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Minnesota GOP Scores 4th Biggest Increase in State House Seats Nationwide

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Only New Hampshire, Alabama, and Michigan gained a larger percentage of House seats in 2010 than Minnesota Republicans (+18.7 percent)

In addition to notching the third largest increase in State Senate seats across the country in the 2010 election, Minnesota Republicans can also lay claim to a Top 5 finish for the largest increase in State House seats nationwide.

A Smart Politics study of 2010 election returns finds that Republican gains in the Minnesota House of Representatives were the fourth largest across the U.S. in November's elections, with the GOP increasing their seat tally by +18.7 percent (25 districts).

New Hampshire saw the largest Republican increase in the percentage of lower (as well as upper) chamber legislative seats - transforming their 173-216 deficit on Election Day to a gaudy 298-102 advantage thereafter.

The 31.3 percent increase in Republican seats in New Hampshire (125 districts) was by far the largest in the nation, with Alabama second (+20.0 percent, 21 seats), Michigan third (+19.1 percent, 21 seats), and Minnesota fourth (+18.7 percent, 25 seats).

Montana (+18.0 percent, 18 seats) rounds out the Top 5.

Minnesota Republicans took back the House after ceding control to the DFL for two cycles. The 25 seat gain gives the GOP a 72-62 seat advantage.

This marks the GOP's second largest margin to start a session in the Gopher State since partisan elections were reintroduced in 1974.

Only the 2002 election saw a bigger advantage for House Republicans in Minnesota - entering January 2003 with a 81-52 seat margin.

Aside from 2002, the last election from which the political right in Minnesota emerged with at least 72 seats was 1968, when 'conservatives' won 85 seats.

In the Upper Midwest, Republicans in Iowa had the sixth largest gain in the nation at 16.0 percent (16 seats), reaching 60 seats for the first time since the Republican Revolution of 1994. The GOP turned a 44-56 deficit into a 60-40 advantage, reclaiming the House after two cycles under Democratic control.

The GOP in Wisconsin had the 11th largest increase in seats in the nation at 14.1 percent (14 seats), returning to power after just one cycle with Democrats in control. Republicans, winning 60 of the chamber's 99 seats, had previously held the Assembly from 1995 through 2008.

In North Dakota, Republicans gained 11 seats (+11.7 percent) - good for 16th best in the country. The GOP increased their hold on the state's lower chamber from 58-36 to 69-25.

South Dakota Republicans gained four seats (+5.7 percent), or the 32nd biggest increase in the country. The GOP now holds 50 of 70 House seats in a chamber in which they have held a majority of seats since the Election of 1974.

Overall, 46 states held general elections for lower chamber seats in November, with Republicans gaining ground in 44 states in total.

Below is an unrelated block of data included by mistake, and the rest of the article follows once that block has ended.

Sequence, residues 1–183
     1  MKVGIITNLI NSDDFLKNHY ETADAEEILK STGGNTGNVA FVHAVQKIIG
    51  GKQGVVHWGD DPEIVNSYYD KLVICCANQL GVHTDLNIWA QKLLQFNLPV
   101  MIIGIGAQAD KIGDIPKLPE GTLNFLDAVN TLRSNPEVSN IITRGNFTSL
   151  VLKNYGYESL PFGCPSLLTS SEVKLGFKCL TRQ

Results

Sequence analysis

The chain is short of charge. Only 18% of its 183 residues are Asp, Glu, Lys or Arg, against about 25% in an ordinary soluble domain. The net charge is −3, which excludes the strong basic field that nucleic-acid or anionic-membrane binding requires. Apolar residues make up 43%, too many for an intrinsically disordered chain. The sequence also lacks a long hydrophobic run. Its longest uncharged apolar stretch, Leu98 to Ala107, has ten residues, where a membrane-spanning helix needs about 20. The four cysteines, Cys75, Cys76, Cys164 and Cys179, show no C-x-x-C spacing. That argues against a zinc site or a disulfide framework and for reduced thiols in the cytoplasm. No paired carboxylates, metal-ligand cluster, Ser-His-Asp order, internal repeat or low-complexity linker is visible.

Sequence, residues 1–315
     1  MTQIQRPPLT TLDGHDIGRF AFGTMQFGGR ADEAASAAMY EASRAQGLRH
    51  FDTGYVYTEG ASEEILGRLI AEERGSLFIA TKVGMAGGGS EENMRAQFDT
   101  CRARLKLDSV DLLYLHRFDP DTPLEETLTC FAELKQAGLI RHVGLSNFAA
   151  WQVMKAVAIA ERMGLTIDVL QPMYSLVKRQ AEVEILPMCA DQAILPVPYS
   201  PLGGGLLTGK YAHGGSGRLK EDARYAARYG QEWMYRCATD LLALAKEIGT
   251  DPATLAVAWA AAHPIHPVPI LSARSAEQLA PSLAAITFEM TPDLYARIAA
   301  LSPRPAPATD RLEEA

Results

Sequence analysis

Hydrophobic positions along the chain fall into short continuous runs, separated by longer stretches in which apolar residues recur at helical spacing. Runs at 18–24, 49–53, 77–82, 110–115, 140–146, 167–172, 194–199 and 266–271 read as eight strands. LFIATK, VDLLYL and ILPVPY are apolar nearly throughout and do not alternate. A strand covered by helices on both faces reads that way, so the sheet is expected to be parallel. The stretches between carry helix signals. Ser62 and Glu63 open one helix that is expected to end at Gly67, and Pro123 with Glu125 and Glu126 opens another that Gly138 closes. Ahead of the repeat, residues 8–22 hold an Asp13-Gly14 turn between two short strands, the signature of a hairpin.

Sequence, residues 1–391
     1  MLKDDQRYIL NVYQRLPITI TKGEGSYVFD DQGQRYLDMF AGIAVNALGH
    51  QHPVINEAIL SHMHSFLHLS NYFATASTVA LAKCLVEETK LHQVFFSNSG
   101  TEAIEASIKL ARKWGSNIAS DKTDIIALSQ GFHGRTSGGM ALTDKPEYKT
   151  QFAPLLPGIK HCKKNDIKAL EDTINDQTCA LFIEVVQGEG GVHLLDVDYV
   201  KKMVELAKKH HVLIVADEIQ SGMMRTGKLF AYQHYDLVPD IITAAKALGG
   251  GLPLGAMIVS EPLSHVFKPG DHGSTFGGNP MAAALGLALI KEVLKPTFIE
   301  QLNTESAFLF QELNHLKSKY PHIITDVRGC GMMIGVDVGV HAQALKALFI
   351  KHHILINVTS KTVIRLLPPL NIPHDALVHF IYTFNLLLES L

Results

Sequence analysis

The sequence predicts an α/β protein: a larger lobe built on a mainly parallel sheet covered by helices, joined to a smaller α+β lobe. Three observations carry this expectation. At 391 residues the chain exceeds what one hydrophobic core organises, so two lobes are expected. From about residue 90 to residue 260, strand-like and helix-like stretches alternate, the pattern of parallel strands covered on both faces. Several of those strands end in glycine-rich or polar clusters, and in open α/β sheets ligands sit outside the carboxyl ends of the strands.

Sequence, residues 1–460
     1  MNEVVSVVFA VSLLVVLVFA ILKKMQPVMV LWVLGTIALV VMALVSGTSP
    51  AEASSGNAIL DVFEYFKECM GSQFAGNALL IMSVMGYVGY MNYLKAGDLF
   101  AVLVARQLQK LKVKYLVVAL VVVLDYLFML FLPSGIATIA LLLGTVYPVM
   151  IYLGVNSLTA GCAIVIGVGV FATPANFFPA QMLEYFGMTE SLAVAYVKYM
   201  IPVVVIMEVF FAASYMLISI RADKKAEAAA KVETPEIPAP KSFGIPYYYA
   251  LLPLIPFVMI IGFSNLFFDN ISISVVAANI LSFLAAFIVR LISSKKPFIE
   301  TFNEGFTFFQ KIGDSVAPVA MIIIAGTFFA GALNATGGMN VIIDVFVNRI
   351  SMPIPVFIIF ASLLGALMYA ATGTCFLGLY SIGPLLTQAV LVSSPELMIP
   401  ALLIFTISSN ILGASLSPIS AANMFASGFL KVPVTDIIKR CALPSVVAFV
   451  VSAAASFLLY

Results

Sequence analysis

Only in Delaware did Democrats strengthen their position (by two seats).

The Republican Parties of Minnesota, New Hampshire, and Alabama each recorded increases in both their respective state senates and houses that were among the Top 4 largest in the country.

Interestingly, Democrats still won the governorships in both New Hampshire and Minnesota.

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Political Crumbs

Evolving?

When Scott Walker "punted" back in February after being asked if he was comfortable with the idea of evolution he added, "That's a question a politician shouldn't be involved in one way or the other." However, it may very well be a question that is asked at one of the upcoming GOP debates this year. In South Carolina during the first GOP debate in 2012, FOX News' Juan Williams asked Tim Pawlenty, "Do you equate the teaching of creationism with the teaching of evolution as the basis for what should be taught for our nation's schools?" Pawlenty replied, "There should be room in the curriculum for study of intelligent design" but that it was up to the local school districts if it should be in a science class or comparative theory class. At the fourth Republican debate held in California, Jon Huntsman addressed the GOP becoming "anti-science" thusly: "Listen, when you make comments that fly in the face of what 98 out of 100 climate scientists have said, when you call into question the science of evolution, all I'm saying is that, in order for the Republican Party to win, we can't run from science. We can't run from mainstream conservative philosophy."


73 Months and Counting

January's preliminary Bureau of Labor Statistics numbers show Minnesota's unemployment rate of 3.7 percent was once again lower than Wisconsin's 5.0 percent. That marks the 73rd consecutive month in which Minnesota has boasted a lower jobless rate than its neighbor to the east dating back to January 2009 including each of the last 67 months by at least one point. The Gopher State has now edged Wisconsin in the employment border battle for 204 of the last 216 months dating back to February 1997. Wisconsin only managed a lower unemployment rate than Minnesota for the 12 months of 2008 during this 18-year span.


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